In this paper we examine how traditional institutions like caste interact with socio-economic status to mediate the perception of gender roles and attitudes around female labour force participation. We use third party vignettes to directly test the validity of the hypothesis that lower castes have more egalitarian gender norms and lower acceptance of restrictions on female autonomy. We find that the relationship between conservative gender norms and caste are in turn influenced by the class status of households, measured by land or asset ownership. Lastly, we conduct a simple social experiment to test for `pluralistic ignorance' and confirm the presence of systematic overestimation of conservative attitude that varies by caste and class identities.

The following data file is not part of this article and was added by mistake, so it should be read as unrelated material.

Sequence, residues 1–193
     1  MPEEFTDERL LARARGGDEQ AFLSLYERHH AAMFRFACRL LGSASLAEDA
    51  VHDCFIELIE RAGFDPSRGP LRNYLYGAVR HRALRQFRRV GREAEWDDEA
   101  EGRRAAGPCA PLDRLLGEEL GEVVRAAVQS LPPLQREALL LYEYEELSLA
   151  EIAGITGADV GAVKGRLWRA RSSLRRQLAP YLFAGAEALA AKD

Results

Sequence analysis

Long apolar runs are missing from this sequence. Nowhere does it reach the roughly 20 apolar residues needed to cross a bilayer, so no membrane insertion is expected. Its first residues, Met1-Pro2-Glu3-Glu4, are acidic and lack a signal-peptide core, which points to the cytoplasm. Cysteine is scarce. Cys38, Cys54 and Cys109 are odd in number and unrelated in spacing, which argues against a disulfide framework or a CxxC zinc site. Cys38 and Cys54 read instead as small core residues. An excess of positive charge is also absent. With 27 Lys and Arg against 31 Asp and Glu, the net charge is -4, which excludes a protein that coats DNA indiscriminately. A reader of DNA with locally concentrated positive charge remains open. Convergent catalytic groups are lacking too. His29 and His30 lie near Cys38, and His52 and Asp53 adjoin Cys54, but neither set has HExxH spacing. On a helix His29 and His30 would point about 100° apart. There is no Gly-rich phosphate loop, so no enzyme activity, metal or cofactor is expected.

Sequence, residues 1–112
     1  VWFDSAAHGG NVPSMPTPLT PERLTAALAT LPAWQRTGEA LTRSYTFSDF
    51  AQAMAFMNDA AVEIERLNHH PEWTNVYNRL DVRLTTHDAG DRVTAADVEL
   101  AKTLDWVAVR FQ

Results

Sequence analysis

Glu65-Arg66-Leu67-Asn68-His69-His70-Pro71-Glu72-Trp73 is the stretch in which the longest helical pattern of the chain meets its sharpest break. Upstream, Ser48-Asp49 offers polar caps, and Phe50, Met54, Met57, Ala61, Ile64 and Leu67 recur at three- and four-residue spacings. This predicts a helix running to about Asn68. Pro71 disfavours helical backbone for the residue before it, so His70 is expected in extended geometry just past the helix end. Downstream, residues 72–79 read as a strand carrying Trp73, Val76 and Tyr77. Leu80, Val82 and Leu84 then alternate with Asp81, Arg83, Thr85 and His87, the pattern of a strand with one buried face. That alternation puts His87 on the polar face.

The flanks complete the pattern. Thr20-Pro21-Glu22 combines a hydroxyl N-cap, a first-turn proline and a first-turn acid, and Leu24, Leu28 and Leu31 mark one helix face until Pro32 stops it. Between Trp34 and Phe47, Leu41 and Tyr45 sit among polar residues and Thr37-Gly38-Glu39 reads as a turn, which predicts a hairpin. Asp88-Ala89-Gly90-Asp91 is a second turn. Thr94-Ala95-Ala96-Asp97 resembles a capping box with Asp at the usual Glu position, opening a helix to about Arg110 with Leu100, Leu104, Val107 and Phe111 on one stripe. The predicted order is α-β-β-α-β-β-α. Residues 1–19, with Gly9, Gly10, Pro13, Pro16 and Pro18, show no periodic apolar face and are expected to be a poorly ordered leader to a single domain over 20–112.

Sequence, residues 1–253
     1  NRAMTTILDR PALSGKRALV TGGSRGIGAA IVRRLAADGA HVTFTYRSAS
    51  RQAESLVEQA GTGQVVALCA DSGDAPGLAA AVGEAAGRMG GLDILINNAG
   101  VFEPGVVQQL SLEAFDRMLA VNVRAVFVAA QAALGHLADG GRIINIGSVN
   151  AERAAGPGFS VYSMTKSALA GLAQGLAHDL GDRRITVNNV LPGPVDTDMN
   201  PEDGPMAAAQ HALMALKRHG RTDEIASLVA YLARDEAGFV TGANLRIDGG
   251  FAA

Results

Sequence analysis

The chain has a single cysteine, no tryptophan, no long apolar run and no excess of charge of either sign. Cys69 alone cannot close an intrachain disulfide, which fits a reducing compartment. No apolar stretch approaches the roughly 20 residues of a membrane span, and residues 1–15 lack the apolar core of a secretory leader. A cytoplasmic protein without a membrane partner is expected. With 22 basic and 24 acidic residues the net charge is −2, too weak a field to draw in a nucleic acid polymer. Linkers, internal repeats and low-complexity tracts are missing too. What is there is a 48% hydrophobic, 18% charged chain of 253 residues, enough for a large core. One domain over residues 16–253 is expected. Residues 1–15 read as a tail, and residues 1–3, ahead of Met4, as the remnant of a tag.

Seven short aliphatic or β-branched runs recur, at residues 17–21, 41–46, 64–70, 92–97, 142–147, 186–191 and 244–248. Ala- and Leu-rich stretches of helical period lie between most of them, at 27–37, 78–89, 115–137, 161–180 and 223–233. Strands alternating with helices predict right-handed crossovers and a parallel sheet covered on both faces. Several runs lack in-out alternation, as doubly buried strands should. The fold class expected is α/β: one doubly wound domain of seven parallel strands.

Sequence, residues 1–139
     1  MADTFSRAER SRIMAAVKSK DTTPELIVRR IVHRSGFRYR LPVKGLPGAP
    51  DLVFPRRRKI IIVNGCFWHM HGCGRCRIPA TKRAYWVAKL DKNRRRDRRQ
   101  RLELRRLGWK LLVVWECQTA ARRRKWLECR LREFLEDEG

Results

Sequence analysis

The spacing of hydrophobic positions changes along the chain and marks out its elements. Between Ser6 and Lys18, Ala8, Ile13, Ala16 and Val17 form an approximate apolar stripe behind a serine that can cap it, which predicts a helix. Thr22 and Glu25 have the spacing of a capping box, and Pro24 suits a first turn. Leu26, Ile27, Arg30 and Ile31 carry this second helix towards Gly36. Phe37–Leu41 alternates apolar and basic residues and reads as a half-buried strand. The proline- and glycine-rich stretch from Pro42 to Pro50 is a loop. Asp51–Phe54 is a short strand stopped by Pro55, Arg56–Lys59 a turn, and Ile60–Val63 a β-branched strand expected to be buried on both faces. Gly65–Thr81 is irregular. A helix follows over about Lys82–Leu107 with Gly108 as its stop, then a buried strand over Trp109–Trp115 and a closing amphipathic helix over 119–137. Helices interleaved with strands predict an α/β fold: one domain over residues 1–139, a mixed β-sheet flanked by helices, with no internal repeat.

JEL Codes: J16, J21, J22, Z13